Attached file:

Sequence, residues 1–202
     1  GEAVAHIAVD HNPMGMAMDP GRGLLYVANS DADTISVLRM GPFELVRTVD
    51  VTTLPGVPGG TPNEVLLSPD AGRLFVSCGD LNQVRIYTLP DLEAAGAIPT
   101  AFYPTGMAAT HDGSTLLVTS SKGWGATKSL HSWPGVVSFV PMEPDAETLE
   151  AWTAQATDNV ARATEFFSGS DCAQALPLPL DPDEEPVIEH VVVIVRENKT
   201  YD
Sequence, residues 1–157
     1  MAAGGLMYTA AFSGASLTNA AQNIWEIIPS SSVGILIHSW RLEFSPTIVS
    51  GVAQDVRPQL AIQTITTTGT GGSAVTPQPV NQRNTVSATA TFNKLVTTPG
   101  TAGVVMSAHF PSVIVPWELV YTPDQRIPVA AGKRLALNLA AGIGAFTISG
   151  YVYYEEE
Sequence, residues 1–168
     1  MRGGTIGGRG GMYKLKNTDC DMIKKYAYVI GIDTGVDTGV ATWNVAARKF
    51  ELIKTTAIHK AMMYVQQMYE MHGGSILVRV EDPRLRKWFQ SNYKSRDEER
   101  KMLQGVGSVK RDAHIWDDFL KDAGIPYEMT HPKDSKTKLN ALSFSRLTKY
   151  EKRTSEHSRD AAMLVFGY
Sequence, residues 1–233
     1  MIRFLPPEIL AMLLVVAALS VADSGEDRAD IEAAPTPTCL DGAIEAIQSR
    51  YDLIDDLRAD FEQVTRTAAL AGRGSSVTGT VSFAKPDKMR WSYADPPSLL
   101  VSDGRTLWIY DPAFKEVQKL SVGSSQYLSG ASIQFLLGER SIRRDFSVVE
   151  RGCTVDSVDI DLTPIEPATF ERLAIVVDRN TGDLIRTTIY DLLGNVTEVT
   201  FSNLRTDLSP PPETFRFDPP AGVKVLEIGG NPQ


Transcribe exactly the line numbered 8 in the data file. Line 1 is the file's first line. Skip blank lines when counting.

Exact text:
     1  MAAGGLMYTA AFSGASLTNA AQNIWEIIPS SSVGILIHSW RLEFSPTIVS